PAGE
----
11. 11. What kinds of information is considered private? <ul><li>Your IP address </li></ul><ul><li>Your Ethernet MAC address/Windows GUID </li></ul><ul><li>Your purchase history with a web storefront (or physical store) </li></ul><ul><li>Your address and phone </li></ul><ul><li>Your email address </li></ul><ul><li>Your credit card, banking account numbers </li></ul>
  12. 12. How do products inform you of their information collection practices? <ul><li>Before you download them in clear language on the web site </li></ul><ul><li>At the time you download them </li></ul><ul><li>With obscure privacy policies on their web site </li></ul><ul><li>In a press release from the vendor after something bad happens </li></ul>
  13. 13. How can you change your ID? <ul><li>With the post office, credit history, and others, relatively simple </li></ul><ul><li>With software, not so simple </li></ul><ul><li>Many products don’t have any automated tools for making changes </li></ul>
  14. 14. Who shares this information? <ul><li>Do sites offer secure logins or are they in the clear? </li></ul><ul><li>What about third-party cookies, who makes use of them? </li></ul>
  15. 15. What happens to this information when your company gets sold? <ul><li>Does a company have a legal right to hold on to its data? </li></ul><ul><li>Does a customer have a legal right to expect a company to not sell its data? </li></ul><ul><li>Do we need new consumer protection laws for these situations? </li></ul><ul><li>Are individuals’ privacy data considered a corporate asset or a liability? </li></ul>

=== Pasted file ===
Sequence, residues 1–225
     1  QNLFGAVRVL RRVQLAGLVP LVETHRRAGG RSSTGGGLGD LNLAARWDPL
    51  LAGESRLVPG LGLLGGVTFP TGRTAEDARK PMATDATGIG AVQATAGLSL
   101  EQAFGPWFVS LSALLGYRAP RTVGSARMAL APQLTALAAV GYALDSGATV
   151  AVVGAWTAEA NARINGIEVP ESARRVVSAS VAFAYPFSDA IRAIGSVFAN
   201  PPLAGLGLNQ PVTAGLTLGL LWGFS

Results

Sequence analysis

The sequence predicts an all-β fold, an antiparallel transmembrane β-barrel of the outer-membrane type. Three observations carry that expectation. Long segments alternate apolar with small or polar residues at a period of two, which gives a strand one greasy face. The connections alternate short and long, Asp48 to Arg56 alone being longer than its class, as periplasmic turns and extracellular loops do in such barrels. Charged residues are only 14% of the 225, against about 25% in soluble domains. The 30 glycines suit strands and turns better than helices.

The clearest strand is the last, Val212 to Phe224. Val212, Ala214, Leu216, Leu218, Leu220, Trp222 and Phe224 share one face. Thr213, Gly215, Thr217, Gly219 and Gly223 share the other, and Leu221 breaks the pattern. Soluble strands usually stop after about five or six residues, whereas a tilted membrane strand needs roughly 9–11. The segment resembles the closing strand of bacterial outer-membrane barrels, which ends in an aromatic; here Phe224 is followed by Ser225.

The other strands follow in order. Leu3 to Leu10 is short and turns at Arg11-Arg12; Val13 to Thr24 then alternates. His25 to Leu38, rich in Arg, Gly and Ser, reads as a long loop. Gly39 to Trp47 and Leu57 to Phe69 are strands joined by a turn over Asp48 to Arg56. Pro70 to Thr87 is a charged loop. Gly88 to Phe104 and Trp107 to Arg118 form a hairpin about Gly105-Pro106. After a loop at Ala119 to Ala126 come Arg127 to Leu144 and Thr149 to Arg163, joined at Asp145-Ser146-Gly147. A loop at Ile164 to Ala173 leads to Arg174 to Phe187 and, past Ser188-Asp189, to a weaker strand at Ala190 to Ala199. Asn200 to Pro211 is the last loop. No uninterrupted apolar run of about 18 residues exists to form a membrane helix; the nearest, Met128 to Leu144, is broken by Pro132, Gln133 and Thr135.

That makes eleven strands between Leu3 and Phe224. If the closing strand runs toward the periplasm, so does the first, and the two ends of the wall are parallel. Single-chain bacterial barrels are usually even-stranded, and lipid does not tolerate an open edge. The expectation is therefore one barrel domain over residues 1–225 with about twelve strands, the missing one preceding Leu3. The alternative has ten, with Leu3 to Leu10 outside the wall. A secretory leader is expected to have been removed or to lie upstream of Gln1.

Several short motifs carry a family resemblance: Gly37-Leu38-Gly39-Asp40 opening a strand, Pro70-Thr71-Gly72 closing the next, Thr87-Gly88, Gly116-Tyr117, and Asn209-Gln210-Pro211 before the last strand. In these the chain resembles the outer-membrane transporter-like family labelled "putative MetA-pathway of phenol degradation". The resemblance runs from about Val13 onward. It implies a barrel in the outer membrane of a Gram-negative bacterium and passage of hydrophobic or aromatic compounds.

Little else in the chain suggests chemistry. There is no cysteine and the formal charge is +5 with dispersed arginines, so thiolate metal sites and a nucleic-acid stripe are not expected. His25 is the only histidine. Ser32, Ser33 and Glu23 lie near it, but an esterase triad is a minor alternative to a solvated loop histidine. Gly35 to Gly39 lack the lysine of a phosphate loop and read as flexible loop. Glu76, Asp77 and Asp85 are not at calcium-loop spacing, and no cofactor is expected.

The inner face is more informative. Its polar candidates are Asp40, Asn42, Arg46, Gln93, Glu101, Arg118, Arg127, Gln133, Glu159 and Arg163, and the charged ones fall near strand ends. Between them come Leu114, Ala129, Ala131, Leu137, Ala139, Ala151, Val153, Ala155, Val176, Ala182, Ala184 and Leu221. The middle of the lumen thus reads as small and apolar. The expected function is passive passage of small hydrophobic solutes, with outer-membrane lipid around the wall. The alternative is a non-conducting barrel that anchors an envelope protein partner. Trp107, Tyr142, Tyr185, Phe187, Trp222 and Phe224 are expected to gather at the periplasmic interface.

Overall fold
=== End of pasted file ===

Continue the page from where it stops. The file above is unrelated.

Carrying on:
16. 16. Case in point: eBay <ul><li>Changed its privacy practices 4/01 to specifically mention what happens if sold </li></ul><ul><li>But hides this deep within their privacy policies </li></ul>
  17. 17. How do you protect your customer’s privacy data? <ul><li>Secure servers, careful data structures and policies </li></ul><ul><li>Authorized employees with limited access </li></ul><ul><li>Firewalls </li></ul><ul><li>Do all of these things really work? </li></ul>
  18. 18. Privacy problems <ul><li>Email </li></ul><ul><li>Web surfing </li></ul><ul><li>eCommerce </li></ul>
  19. 19. Back to email issues <ul><li>Hidden HTML code inside many email messages these days, called “web bugs” </li></ul><ul><li>Convey information on whether you open the email message or not, whether you click on this specific link, and if you want to unsubscribe </li></ul><ul><li>Works even if you use just the preview pane in MS OE/Outlook </li></ul><ul><li>Supposedly this information is just used in the aggregate, but can you be sure? </li></ul>
  20. 20. Bad boys of web site privacy <ul><li>Doubleclick </li></ul><ul><li>Real Networks </li></ul><ul><li>GoHip.com </li></ul><ul><li>TiVO </li></ul>
  21. 21. DoubleClick <ul><li>Made the mistake of combining two businesses: banner ad serving and email marketing </li></ul><ul><li>Is it a violation of privacy when you aggregate individual information? </li></ul><ul><li>Third-party cookie issues </li></ul>
  22. 22. Real Networks <ul><li>Is it a violation of privacy when you automatically subscribe users to your service, and bury any opt-out information? </li></ul><ul><li>Should Real record my music listening habits without my explicit permission? </li></ul><ul><li>And store this data even when I am not connected to the Net? </li></ul>
  23. 23. GoHip.com <ul><li>Download an ActiveX control that makes numerous changes to your browser and email configuration, as well as Startup folders – but advertised as a “video player browser enhancement.” </li></ul><ul><li>First the company didn’t explain these changes, but now they do – in very, very fine print. </li></ul>
  24. 24. TiVO <ul><li>Aggregates personal TV viewing habits of its users </li></ul><ul><li>But doesn’t really make that clear </li></ul><ul><li>And employees of the company could have access to your privacy data </li></ul>